The 2008 financial crisis cost the U.S. economy at least $12.8 trillion, a new study found -- and that's a "very conservative number," according to the authors.
The study, timed to coincide with the fourth anniversary of the Lehman Brothers bankruptcy, is a direct counter to the banking industry's relentless warnings of the potential costs of new financial regulations.
The cost of letting the banks wreck the global economy again is far, far higher.
The crisis-cost estimate, generated by Better Markets, a non-profit group lobbying for financial reform, is only a measure of actual and potential lost economic growth due to the crisis. It does not include many other costs, including the costs of extraordinary government steps taken to avoid "a second Great Depression." It does not include unquantifiable costs like the "human suffering that accompanies unemployment, foreclosure, homelessness and related damage," the authors noted.
The study also does not include figures related to any damage done to American productivity by long-lasting, widespread unemployment, which is eroding the ability of Americans to earn money and posing a threat to future economic growth.
"Lower growth means, among other things, less innovation and, therefore, less technological progress," the study's authors wrote. "The consequences of such losses to a society are indeterminable, but potentially very far-reaching and long-lasting."
The study mentions, but leaves out of its $12.8 trillion estimate, the $11 trillion or so in household wealth that was vaporized by the crisis and an estimated $8 trillion hole that might be blown in the federal budget deficit between 2008 and 2018 as a result of the crisis.
Banks would like you to know that they are suffering, too, of course. The stock prices of the biggest five U.S. banks have lost more than $500 billion in market value since the crisis began. The industry has been docked more than $2 billion in crisis-related penalties.
And the banks constantly warn that new regulations could disrupt financial markets and slow economic growth. The Better Markets study points to one frequently-cited estimate, that the "Volcker Rule," which prohibits banks from proprietary trading, could cost the bond market $315 billion in "liquidity" on its own.
The banking industry's whiner-in-chief, JPMorgan Chase CEO Jamie Dimon, on Tuesday warned again of the risks of too much reform. Here's DealBook:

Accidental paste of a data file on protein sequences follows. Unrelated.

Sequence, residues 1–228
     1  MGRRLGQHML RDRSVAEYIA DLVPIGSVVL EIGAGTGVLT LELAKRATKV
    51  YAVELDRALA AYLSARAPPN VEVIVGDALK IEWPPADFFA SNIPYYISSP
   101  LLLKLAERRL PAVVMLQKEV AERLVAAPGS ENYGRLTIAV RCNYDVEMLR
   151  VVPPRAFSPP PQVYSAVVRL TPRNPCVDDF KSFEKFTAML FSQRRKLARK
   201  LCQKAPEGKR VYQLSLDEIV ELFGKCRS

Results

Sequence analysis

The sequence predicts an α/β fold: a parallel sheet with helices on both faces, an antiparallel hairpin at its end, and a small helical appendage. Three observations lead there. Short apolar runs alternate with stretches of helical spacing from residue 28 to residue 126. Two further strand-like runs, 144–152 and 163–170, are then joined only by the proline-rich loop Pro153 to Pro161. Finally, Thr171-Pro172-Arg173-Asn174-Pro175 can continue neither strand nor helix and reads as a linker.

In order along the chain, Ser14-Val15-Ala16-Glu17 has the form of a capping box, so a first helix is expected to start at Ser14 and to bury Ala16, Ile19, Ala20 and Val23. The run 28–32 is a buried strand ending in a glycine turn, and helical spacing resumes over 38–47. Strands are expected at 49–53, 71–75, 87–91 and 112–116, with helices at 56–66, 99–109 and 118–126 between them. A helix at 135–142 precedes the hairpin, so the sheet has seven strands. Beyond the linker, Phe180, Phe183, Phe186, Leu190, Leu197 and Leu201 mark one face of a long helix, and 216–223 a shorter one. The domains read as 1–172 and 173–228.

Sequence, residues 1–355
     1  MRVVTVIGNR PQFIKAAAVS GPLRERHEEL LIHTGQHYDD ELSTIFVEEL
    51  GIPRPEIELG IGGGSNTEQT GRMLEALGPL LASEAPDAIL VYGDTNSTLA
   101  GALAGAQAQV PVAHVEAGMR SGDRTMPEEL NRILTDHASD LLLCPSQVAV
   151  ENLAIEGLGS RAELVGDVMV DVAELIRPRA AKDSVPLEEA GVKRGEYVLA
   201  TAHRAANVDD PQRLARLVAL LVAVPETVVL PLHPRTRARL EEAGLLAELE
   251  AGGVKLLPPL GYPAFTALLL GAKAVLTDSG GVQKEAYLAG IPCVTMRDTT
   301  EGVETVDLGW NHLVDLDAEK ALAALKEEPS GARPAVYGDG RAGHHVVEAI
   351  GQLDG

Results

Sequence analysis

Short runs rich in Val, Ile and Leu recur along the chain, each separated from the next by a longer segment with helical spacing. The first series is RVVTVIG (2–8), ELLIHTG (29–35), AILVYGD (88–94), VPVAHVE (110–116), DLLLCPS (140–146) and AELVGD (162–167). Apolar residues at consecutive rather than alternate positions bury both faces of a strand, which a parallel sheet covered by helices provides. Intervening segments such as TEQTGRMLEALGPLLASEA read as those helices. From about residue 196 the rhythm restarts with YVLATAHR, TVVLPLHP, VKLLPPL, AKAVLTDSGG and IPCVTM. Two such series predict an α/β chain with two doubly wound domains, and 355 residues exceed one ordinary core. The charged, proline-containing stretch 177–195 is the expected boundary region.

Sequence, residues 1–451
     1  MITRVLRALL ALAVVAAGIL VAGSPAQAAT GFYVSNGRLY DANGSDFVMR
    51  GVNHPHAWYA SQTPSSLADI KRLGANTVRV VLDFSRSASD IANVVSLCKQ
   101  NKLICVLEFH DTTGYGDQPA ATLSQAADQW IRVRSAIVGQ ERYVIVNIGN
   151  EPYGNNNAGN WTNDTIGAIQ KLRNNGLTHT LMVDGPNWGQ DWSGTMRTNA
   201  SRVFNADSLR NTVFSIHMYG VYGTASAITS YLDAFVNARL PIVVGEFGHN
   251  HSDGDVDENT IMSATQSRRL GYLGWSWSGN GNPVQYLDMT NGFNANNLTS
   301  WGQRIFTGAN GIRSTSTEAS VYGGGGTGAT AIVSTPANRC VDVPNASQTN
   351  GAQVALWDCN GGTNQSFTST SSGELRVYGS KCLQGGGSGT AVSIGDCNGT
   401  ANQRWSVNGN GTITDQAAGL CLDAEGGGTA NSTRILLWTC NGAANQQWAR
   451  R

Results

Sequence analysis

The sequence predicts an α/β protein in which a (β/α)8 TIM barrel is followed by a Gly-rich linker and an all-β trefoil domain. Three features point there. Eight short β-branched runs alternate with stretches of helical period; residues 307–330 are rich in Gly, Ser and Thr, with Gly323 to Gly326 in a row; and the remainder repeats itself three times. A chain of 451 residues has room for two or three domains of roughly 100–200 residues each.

The United States, he added, has the "best, widest, deepest and most transparent capital markets in the world." Cautioning against needless reform, Mr. Dimon said, "Let's make sure we keep that before we do a bunch of stupid stuff that destroys that."
The man who just oversaw a $6 billion trading loss on credit derivatives continues to lecture the rest of us against doing a bunch of stupid stuff.
In any event, you can stipulate that Dimon has a point -- there are costs to reform. But it is impossible to argue that these costs are anywhere close to the horrific damage the banks have shown they can do to an economy when they're allowed to do whatever they want to do.
Banks might also quibble with Better Markets' $12.8 trillion figure, which is admittedly a little hard to wrap your head around. One part of the number is easy to understand -- it's the amount of potential gross domestic product that has already been lost due to the crisis and recession. A second part is based on economic models, predicting future lost GDP through 2018. That's obviously squishier, as economic models helped us into this mess in the first place. But together these two components make up $7.6 trillion of the $12.8 trillion cost estimate.
The other $5.2 trillion cost is a measure, again generated by economic models, of how much economic damage we avoided through stimulus packages and Federal Reserve rate cuts and bond-buying and emergency lending and the like. That one's even squishier, because you're hanging a number on a counterfactual.
But given all of the costs this study does not even try to estimate, $12.8 trillion is arguably in the ballpark. And the cost is clearly larger than any costs we might incur by trying to keep banks from causing such damage again.
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